Remote Caregiving

There’s a type of family caregiver we don’t talk about very often but should: the remote caregiver. I know this firsthand, because I was a remote caregiving when my stepfather was nearing his end of life four years ago, trying to hold together my mother – in Baja Sur, Mexico – at the same time I was recovering from an ACL repair in Dallas, Texas. We had phone calls, face time, and email, but I still felt useless, like I wasn’t doing enough.

Reote Caregiving

In truth me going to Mexico to be with my mother as her husband of thirty-two years was dying would have compromised my recovery and made her feel responsible for me – the last thing she needed.

Remote caregiving was often spotlighted as a consequence of the Covid-19 pandemic, especially in the early days when much of the world was in some sort of lockdown, but the reality is that those of us who don’t live near our parents are often faced with providing care and support from afar, and while it may seem easy from outside, it’s really very challenging in its own way.

We remote caregivers don’t have to deal with the intimate day-to-day tasks that can involve anything from driving Mom or Dad to medical appointments, to helping with their hygiene. We don’t have to plan our lives around making sure our loved ones take their meds and have their meals on time. Instead, we coordinate care from afar, vetting professional caregivers and confirming schedules, sometimes arranging for grocery delivery, or other times contacting our loved one’s friends or neighbors to bring over a casserole or visit for an afternoon.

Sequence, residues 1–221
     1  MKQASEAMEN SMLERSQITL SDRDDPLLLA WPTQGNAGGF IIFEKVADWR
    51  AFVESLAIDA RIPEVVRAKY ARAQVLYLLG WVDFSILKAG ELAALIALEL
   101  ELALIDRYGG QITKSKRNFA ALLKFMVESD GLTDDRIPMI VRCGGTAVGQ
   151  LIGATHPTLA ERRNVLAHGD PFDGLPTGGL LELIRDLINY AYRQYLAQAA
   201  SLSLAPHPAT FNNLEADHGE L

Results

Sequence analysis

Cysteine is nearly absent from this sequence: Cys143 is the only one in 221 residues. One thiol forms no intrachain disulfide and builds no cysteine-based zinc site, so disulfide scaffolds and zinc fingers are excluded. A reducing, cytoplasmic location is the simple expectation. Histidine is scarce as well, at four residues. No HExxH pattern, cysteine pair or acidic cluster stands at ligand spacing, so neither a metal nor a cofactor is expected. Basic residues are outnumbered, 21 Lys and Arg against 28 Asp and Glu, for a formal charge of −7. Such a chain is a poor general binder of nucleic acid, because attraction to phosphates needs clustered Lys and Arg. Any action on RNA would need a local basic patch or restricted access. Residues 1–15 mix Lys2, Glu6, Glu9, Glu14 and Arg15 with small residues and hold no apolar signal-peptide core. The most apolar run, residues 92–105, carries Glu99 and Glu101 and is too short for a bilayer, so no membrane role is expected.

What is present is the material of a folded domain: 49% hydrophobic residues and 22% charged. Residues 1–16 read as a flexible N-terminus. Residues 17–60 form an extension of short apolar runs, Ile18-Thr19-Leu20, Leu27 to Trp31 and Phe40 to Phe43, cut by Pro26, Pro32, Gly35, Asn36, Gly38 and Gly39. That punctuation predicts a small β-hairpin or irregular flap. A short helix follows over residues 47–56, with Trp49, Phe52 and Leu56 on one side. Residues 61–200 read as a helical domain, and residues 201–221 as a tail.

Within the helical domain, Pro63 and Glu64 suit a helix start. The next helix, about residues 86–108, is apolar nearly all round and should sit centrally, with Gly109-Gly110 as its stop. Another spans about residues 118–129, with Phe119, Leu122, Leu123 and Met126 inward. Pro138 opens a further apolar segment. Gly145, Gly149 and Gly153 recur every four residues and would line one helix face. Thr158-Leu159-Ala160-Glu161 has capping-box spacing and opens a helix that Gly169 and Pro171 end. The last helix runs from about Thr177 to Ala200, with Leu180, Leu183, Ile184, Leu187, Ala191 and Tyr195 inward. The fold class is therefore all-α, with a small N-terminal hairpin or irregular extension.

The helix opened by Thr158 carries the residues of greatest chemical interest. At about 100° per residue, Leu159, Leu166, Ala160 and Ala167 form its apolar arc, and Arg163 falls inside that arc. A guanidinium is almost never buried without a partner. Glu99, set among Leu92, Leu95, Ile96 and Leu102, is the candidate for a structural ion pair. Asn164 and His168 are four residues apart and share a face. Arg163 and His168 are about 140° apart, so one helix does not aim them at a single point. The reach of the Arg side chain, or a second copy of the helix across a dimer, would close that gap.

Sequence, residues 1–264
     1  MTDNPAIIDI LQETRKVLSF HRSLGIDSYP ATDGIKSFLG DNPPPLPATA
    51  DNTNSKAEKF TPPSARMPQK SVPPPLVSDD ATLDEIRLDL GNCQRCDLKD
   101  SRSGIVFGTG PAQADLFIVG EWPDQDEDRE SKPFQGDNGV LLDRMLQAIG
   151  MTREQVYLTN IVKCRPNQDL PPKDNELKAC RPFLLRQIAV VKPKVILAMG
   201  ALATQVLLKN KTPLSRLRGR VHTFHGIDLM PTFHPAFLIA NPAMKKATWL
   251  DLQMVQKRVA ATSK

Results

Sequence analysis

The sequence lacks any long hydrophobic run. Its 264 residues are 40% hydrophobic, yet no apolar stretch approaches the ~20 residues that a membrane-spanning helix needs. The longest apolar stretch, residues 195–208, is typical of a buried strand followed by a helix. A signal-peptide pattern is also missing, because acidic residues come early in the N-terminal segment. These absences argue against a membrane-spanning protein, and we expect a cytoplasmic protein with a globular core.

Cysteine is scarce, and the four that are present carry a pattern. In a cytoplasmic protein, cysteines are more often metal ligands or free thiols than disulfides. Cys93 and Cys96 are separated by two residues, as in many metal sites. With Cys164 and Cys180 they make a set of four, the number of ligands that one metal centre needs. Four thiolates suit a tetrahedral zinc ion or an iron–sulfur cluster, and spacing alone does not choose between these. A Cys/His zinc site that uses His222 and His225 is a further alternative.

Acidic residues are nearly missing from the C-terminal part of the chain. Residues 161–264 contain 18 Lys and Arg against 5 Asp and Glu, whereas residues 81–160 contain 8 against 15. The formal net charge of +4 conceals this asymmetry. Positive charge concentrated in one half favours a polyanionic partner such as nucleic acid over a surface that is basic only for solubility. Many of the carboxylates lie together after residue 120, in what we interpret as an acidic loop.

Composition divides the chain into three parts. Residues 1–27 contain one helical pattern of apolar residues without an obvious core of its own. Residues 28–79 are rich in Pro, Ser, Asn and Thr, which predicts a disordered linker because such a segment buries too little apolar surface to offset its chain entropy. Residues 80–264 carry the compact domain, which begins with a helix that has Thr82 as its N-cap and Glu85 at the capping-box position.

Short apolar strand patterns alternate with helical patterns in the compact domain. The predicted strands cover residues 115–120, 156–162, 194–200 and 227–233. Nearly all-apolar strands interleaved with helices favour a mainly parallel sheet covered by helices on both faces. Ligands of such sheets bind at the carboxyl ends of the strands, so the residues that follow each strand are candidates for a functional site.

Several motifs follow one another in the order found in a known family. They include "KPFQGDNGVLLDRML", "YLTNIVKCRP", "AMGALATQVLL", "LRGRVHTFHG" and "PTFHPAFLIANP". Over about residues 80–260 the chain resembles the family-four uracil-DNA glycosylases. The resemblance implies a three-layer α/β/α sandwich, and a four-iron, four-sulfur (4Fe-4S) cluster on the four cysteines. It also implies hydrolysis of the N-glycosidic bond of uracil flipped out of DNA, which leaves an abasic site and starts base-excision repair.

So, how do you survive being a remote caregiver? Here are a few things that worked for me.

  • Have a support system of your own. While my stepfather was nearing the end, my cousins checked in with me daily, my regular doctor knew what was going on, and called me for status updates every few days, and my local friends came over for board game nights and cooked dinner to give us a break.
  • Consider therapy. Everyone needs a neutral third-party to talk to, and in my case that meant a psychologist. She never judged, just listened, and reminded me that my stepfather knew I’d be there if I could, and that guilt wouldn’t help me, mom, or him. She also reminded me of something my stepfather told me on one of our last calls – that if I messed up my rehab because of him, he would be angry.
  • Take a pause. I know Cyndi mentions this a lot, but a pause is different for everyone. For me, that meant turning off the computer, and even turning off my phone, trusting that my husband would wake me if we got The Call.
  • Recognize that we can each only do our best. For some of us, that may mean dropping everything and flying thousands of miles, but for many of us, it means just being an anchor, holding space for our loved ones, and being on call when that person needs an ear.

Many of us don’t live near our parents, but we’re very cognizant of the fact that as we are aging, they are as well. As remote caregivers we may not have the burden of day-to-day care, but we are still caregivers, even if sometimes we must do it by proxy. We owe it to ourselves and our loved ones to engage in mindful self-care and work to keep things in balance.

My stepfather died in July 2018, and my mother moved to Florida in 2020. I’m extremely fortunate that I was able to move close to her only two years later, but I was prepared to do as much as possible remotely, for as long as it was necessary.

Leave a Comment

Your email address will not be published. Required fields are marked *

Scroll to Top